Economy

‘Quick-fix solutions not feasible for Zim’

PHILLIMON MHLANGA


Zimbabwe’s economic crisis will not end through quickfix solutions as the country needs major surgery for it to recover from the coronavirus
pandemic, Masawara Limited group chief executive officer
Shingai Mutasa has said.


Mutasa, who has navigated Zimbabwe’s stormy economic waters for decades, said the major problem in Zimbabwe has been government’s
inability to deal with corruption, civil service reforms and currency issues,
among many challenges.


“For me, Covid-19 is not the problem that confronts us. What confronts us is how we are going to make the next 50 years as productive for our people,” Mutasa told a CEO Africa Round Table digital meeting.


“This is an incredible base on which to build an amazingly wealthy country
for our future generations.


Many of our people say the dreams were lost and hijacked.
I understand, but one of the most important roles of leadership is to be able to look beyond the horizon.


Leadership is at the core of that challenge.”


He said while business leaders feel let down by the political class, the business class has “also let down our people” despite being the creators of wealth.


“There are two levels of corruption and theft that we need to deal with. The most dangerous one is the one caused by our own ignorance.


How do we remunerate our police officers, teachers, nurses civil servants low salaries and expect different results. There is no wonder that some manipulate the systems to make ends meet.”


Mutasa said a government minister could be earning about a tenth of salaries by executives in corporate Zimbabwe.


“My point is, once we remunerate employees at appropriate levels, we will
then be able to use the carrot and stick model. So, we should work hard to push for civil service reforms to make it strong and disciplined so that no excuses for theft and fraud in government.


“Those that do are dealt with appropriately,” he said.


The situation in Zimbabwe has been exacerbated by the eruption of coronavirus pandemic which has triggered an economic downturn.


Volatility has spiked, in some cases to unprecedented levels with many companies relooking at their business models, meaning many

workers are likely to lose their jobs. In fact,at this point, there is great uncertainty about the deadly virus’ severity and for how long it will continue to ravage Zimbabwe’s already frail economy.


Local businesses have already felt a dramatic impact caused by the virus also known as COVID-19.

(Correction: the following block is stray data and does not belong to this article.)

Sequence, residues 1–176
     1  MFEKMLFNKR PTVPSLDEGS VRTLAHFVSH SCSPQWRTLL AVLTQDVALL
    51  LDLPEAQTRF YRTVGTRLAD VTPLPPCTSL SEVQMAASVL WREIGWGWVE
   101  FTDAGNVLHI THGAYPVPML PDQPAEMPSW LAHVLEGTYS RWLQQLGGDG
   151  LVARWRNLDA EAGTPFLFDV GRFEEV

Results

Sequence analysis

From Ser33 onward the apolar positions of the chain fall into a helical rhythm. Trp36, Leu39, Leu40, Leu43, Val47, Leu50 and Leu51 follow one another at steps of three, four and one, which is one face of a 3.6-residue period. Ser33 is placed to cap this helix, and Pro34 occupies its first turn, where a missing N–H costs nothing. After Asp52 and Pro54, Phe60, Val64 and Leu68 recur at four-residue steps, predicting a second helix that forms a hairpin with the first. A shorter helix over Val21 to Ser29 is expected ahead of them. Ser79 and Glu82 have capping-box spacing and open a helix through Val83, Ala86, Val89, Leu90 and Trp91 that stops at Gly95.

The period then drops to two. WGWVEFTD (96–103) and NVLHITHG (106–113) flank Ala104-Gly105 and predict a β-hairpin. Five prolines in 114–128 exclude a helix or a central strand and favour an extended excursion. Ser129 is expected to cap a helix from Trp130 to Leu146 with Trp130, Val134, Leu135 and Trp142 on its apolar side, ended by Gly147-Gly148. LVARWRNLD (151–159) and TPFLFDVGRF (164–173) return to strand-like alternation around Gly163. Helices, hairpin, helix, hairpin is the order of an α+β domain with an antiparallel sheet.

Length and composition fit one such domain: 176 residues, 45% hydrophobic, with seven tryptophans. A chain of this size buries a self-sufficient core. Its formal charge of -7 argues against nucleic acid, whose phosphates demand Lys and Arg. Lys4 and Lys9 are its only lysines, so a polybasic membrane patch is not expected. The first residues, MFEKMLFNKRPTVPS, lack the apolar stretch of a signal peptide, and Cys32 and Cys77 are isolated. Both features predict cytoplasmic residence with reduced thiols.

Mutasa also believes Zimbabwe should embrace a full multi-currency regime.


He said the local currency would be preferred only when Zimbabweans have faith in their government and its ability to exercise discipline with the Zimbabwe dollar. Mutasa added that government should put a strong legislation which provide predictability in the economy, business, social and
internationally and sets out “how over a 10 year migration time frame for the country to have a strong local currency”.


“As long as our society doesn’t believe in our government, no amount of
legislation, no amount of communication will create stability. This is fundamental to our future trajectory,” Mutasa told the meeting.

“Also, going forward as business, what is most
important is looking after our people, whether it’s financially, psychologically or health.


“This is the cornerstone of any business and more particularly now.
“We also have to aggressively strategise on how your business will move
forward from this period.”


Sharing his country’s experience with the Ebola virus, former United Nations Under Secretary General Dr Kandeh Yumkella said Sierra
Leone was yet to recover from the effects of ebola.Covid-19, he said, has exposed the challenges of countries vulnerabilities. Yumkella
suggested that Zimbabwe should avoid quick fixes in dealing with the pandemic.


He said the country needed solid fundamentals.


“I think we have to go beyond quick fixes,” he told CEO Africa Round Table
digital meeting, adding there was need to build robust health care facilities.
“Don’t do what we did in Sierra Leone where we got aid and spent quickly on quick fixes during the Ebola crisis.


We had 14 laboratories but we now have four and we haven’t recovered from the effect of Ebola five years later.


So, think long term and build resilient infrastructure.”


He cautioned Zimbabwe against behaving like Sierra Leone which failed to save during rainy years.


“They told us we were the fastest growing economy in 2012, 2013 because of our iron ore boom. But, we over spent the money and never kept it really for the rainy days.”

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